(Posted in January, can't figure out how to connect with my blog now that Google's in charge. So it's funny that I named it technically speaking, as proud as I was that I figured out how to sign up for a blog. Less than a month later, I am slayed by the dragon of internet unawareness. Pride goes before what?)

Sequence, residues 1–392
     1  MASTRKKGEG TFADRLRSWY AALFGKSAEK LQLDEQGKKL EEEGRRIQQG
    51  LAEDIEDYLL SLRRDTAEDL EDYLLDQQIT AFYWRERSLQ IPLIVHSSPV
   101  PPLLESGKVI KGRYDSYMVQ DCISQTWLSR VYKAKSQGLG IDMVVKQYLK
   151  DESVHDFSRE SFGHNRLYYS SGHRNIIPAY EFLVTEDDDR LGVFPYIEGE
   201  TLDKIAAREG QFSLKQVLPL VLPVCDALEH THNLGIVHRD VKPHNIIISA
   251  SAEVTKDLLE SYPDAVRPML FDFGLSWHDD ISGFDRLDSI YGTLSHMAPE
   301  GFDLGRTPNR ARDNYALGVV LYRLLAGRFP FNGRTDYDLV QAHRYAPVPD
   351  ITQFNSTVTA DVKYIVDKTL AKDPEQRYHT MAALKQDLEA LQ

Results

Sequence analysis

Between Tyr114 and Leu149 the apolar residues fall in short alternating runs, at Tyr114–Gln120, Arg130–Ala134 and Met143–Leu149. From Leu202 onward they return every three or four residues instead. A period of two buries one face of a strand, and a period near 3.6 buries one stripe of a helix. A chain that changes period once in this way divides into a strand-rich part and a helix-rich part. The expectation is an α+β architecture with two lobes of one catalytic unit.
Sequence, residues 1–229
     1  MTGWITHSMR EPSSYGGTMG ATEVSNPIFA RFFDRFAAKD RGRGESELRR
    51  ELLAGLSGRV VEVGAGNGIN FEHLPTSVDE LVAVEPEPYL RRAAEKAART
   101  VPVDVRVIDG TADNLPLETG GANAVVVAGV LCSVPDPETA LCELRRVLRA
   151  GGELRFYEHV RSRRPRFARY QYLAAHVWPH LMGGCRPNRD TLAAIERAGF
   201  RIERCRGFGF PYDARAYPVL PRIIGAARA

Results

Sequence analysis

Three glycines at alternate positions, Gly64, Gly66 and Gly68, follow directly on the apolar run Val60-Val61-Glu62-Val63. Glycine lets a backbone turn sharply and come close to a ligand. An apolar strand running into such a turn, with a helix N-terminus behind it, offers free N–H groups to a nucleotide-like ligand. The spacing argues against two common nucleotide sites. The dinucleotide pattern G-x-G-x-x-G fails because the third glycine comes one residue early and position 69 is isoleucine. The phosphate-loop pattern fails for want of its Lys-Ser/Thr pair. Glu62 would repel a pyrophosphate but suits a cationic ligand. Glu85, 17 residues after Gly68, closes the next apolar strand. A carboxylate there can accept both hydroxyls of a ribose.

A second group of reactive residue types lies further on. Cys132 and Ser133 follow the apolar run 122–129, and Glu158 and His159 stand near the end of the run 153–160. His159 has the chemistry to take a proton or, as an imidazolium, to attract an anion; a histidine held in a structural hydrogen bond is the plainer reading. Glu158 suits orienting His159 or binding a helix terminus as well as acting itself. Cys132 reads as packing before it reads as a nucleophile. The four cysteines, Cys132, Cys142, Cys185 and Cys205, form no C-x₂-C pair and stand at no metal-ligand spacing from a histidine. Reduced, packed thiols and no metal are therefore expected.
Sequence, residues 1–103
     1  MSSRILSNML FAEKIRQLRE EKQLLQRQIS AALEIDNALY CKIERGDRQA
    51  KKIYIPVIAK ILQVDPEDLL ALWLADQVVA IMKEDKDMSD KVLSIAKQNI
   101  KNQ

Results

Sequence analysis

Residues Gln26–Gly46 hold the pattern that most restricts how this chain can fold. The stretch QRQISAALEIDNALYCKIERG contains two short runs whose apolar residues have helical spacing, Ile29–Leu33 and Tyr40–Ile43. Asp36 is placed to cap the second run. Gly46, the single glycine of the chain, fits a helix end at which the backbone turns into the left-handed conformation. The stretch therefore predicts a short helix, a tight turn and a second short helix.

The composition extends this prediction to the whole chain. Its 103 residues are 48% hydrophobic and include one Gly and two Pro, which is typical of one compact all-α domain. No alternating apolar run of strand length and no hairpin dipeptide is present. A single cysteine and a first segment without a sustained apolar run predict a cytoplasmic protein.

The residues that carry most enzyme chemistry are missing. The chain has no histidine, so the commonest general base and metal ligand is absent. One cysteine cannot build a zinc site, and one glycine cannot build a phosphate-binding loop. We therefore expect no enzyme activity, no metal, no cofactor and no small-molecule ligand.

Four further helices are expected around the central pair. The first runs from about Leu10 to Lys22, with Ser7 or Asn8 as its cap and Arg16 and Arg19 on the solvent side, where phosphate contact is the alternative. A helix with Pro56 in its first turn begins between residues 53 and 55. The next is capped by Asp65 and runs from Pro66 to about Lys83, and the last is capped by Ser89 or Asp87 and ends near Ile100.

I am sort of amazed our phone lines are working long enough to sign in. In a long slow way we've left big-city, high-tech, the-firm-owns-me life until finally finding our home on a farmette in the Napa of the North otherwise known as Lorane, Oregon. Lorane is unincorporated as a town but has its own dot-com, thanks to some high-tech transplants no doubt.While I grew up near here on 10 gentleman farming acres and my husband grew up in similarly rural-suburban digs near Eureka, California, our first daughter was born in Portland, Oregon. The hospital has more employees than the entire Lorane Valley has residents. Ryan worked in the "big pink," I think the tallest skyscraper in the city of a million or so people. I worked in a sunny corner of a vintage building, editing market research reports on the masses' tolerance for technical change. I worried about the bleeding edge. Our 1924 Crafstman bungalow in Northeast had a lovely view of 24 apartment windows on one side and of Mount Hood's snowy peaks if you stood on tiptoes on the front porch. Our daughter would not be able to ride trikes here; the next-door neighbor had her concealed weapon stolen a couple of times. She dealt antiques. Nobody stole those.So Ryan's engineering career demanded a lot of hours and we were expecting our second baby and we noticed that Eugene's traffic was much less likely to kill you. We noticed that housing was slightly more affordable. We noticed that my parents lived in Eugene. We moved. We moved and moved and moved. We didn't move like people who are in touch with what they want, with their goals firmly in place. We didn't rent -- we bought. We bought four houses, each with its interesting points and leaky roof and power stations next door and bad neighbors on cute cul de sacs. We even bought a house we loved in Cottage Grove. A 1910 Dutch Colonial on a quarter acre with four bedrooms and a covered back porch. We had our third daughter.And you can't keep a pony on a quarter acre. You can keep chickens in town (no roosters) and you can keep rabbits, but you cannot keep ponies nor 4-H calves. And you can't keep moving. We told everyone we'd settled. Ryan with his nice municipal engineering job and me with my real estate career and this lovely home with Southern exposure in the tiny hamlet of Cottage Grove. Twice selected an All American City. A Tree City USA. Truly a great town. But of course it is a town.I am glad to report that it is Ryan's doing that we moved this last time. He was sneaking around taking the long way home from work, is what it was. I tried of course to not move. What would our family say? How could we leave our beautiful home? Move our girls from school? He pointed out the 1887-built 4-bedroom, 2-bath cottage that was once a church. Oh, did I mention? We sleep in the choir loft. We cook in the pulpit. We can look at our stone foundation and recognize those same stones in the history book pictures.Our girls walk to the Lorane Elementary school. Our view out our front windows encompasses the grange, the school, the Rebecca Lodge and the church we walk to on Sunday mornings. Our back windows capture a view of distant Lorane Mountain and of our tiny barn and the girls' tiny pony. Our rabbit -- the sole survivor of the in-town rabbitry -- luxuriates in a three-bay hutch and waits for a wife. We plan an orchard and a greenhouse. We plan a large organic garden a more deer fencing. Another horse. We don't plan on it, but everyone stops in. Our country getaway has become grand central. Before school, after school, weekends and more our new friends pull in for a cup of tea, to lend a hand, to ask for help. We are blessed in ways I can't describe, and we've only lived here six months.Ryan uses the shop that a local hero, Lloyd Counts, did all of his metalwork in. Lloyd stopped by to tell us about property lines and community politics and the hundreds of pairs of spurs he made in that shop. He and his wife raised their children in this house and there's nothing he couldn't tell us about the history of the community. Lloyd still lives in Lorane, on a family ranch. We hope we can inherit with the house some of the community's respect for Lloyd and his much-loved late wife Estelle. More than one longtime Loranian has let us know how special she was to them. She baked cookies for generations of schoolchildren to pick up on their way home. She had daffodils there... and tulips there... and here's where her kitchen table was. I wish we had met her.So we've lost high-speed traffic, high-speed internet and high-speed life. What we've gained I hope to chronicle here. If you are hobby farming, I'd love to hear from you.